2. Siting authority for all interstate transmission lines could be federalized with the Federal Energy Regulatory Commission (FERC). Interstate transmission lines are critical for decarbonization of the U.S., with national benefits but local costs, that are frequently rejected by state authorities. Natural gas pipelines have similar cost-benefit tradeoffs, but they are permitted much faster due to FERC’s existing siting authority over them. Expanding FERC’s partial, pre-existing backstop authority over transmission lines to complete siting authority is therefore a step with precedent and high expected benefits. FERC could also ensure that interstate transmission lines allocate a fair fraction of their capacity to the states and communities through which they pass, thereby increasing local support for transmission and more equitably distributing its benefits.
  3. The Biden administration could conduct a staff capacity, funding, and technology needs assessment across agencies involved with critical permitting for clean energy. If the assessment finds substantial gaps, Congress could appropriate funds to increase resources available to these agencies, earmarking them for permitting capacity.
  4. Congress could transfer initial authority for Clean Air Act permitting for offshore wind from the Environmental Protection Agency (EPA) to the Bureau of Ocean Energy Management (BOEM) within the Department of the Interior. Such a step would help shorten a part of the permitting timeline for offshore wind and bring it on fairer footing with the treatment of Clean Air Act permitting for offshore fossil fuel production, an industry that generates much more pollution. Congress could also create a separate legislative title for offshore wind under the Outer Continental Shelf Lands Act (OCSLA), thereby improving planning, permitting, and leasing processes.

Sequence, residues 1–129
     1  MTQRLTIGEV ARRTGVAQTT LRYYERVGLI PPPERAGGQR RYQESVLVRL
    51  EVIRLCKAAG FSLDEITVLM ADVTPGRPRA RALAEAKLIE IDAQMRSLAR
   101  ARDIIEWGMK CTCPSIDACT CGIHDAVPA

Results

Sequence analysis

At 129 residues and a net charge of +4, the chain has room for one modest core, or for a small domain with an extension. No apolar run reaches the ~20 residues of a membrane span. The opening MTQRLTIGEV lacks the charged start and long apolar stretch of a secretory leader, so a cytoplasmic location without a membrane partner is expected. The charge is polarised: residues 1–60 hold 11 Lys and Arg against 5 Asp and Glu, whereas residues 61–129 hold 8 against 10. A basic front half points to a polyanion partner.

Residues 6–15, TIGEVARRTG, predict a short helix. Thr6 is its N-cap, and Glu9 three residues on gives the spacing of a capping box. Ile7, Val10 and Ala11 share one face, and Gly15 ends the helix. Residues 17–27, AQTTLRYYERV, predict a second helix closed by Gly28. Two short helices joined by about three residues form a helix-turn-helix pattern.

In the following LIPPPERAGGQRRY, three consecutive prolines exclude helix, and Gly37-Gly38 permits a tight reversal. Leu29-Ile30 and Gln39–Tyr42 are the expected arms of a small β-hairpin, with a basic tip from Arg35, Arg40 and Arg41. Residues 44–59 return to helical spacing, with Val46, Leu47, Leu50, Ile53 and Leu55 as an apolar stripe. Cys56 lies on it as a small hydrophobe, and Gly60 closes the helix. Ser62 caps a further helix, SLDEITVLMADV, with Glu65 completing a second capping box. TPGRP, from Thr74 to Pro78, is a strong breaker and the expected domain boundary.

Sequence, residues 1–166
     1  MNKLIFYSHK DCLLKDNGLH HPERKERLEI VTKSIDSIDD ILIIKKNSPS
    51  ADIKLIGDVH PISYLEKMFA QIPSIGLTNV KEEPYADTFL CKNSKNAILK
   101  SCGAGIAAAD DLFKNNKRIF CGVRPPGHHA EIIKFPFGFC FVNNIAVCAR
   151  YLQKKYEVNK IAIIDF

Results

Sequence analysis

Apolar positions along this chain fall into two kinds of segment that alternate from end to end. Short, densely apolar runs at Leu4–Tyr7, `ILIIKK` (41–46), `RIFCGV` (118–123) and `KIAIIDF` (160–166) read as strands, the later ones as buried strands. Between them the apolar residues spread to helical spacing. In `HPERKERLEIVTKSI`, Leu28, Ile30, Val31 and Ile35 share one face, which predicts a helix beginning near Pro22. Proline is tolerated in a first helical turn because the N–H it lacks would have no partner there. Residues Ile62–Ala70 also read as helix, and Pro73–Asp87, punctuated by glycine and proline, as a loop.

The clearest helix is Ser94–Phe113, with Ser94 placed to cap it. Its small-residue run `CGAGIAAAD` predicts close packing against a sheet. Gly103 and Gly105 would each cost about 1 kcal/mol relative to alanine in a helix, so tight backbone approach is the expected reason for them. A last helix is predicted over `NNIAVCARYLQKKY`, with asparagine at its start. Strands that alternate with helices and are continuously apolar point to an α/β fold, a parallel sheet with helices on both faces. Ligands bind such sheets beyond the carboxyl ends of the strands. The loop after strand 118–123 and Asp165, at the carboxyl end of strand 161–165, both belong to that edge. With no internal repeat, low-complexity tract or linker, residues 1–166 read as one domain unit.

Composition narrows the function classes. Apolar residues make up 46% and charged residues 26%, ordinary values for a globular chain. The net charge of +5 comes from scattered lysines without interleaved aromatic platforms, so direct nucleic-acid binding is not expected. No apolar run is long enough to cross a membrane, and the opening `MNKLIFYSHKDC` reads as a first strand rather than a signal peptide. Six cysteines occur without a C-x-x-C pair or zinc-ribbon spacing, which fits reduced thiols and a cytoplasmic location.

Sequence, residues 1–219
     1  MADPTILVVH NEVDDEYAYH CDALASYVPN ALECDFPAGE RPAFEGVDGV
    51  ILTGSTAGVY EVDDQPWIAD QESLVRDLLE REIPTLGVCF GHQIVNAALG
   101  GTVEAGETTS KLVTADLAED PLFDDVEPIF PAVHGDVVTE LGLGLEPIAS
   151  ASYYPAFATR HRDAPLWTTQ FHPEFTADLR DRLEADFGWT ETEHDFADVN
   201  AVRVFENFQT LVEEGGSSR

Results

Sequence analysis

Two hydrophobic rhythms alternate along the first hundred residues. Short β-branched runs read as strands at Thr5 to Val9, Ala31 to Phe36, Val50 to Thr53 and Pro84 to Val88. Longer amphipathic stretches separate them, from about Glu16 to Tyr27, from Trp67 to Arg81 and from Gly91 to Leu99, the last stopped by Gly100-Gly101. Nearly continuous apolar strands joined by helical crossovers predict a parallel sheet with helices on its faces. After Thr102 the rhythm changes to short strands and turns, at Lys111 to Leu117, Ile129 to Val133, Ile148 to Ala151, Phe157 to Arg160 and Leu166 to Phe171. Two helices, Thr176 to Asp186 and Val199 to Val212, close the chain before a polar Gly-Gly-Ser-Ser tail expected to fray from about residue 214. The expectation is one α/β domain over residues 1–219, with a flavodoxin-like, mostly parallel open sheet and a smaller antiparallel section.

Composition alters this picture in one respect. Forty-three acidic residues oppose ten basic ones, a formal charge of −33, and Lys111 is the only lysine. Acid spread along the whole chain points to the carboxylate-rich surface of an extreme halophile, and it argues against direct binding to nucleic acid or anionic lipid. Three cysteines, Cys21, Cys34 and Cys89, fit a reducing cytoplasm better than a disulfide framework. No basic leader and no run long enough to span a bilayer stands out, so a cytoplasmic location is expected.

5. Congress could support multi-agency coordination by allocating additional funding to the Federal Permitting Improvement Steering Council (FPISC), and by expanding its scope to cover mid-sized as well as large clean energy projects. Further, all agencies could adopt the process of lead agency coordination of multi-agency reviews created by Title 41 of the Fixing America’s Surface Transportation Act (FAST-41).
  6. Congress could proceed with narrow reforms to the National Environmental Policy Act (NEPA):
    1. Narrow expansions of categorical exclusions under NEPA, as detailed by the Bipartisan Policy Center, are likely to accelerate some permitting actions. An overly aggressive expansion of categorical exclusions may not have beneficial effects, as categorical exclusions are already widely used, and misclassifying projects that deserve a higher level of review may not necessarily shorten permitting timelines.
    2. Strict and automatically-enforced NEPA time limits for pre-designated low-environmental-sensitivity areas for clean energy infrastructure, modeled on a recent European Union plan, are likely to significantly accelerate clean energy permitting and deployment. Broader time or page limits on NEPA reviews without further study and targeting are unlikely to be helpful.
    3. Congress could direct legal challenges to solar, wind, and transmission infrastructure Environmental Impact Statements (EIS) directly to the federal Court of Appeals for the D.C. Circuit to expedite approval of large clean energy infrastructure projects, as suggested by James Coleman. Any broader limitations on NEPA litigation may have unintended consequences, as the evidence of excessive frivolous litigation or excessive litigation-induced delay is currently mixed.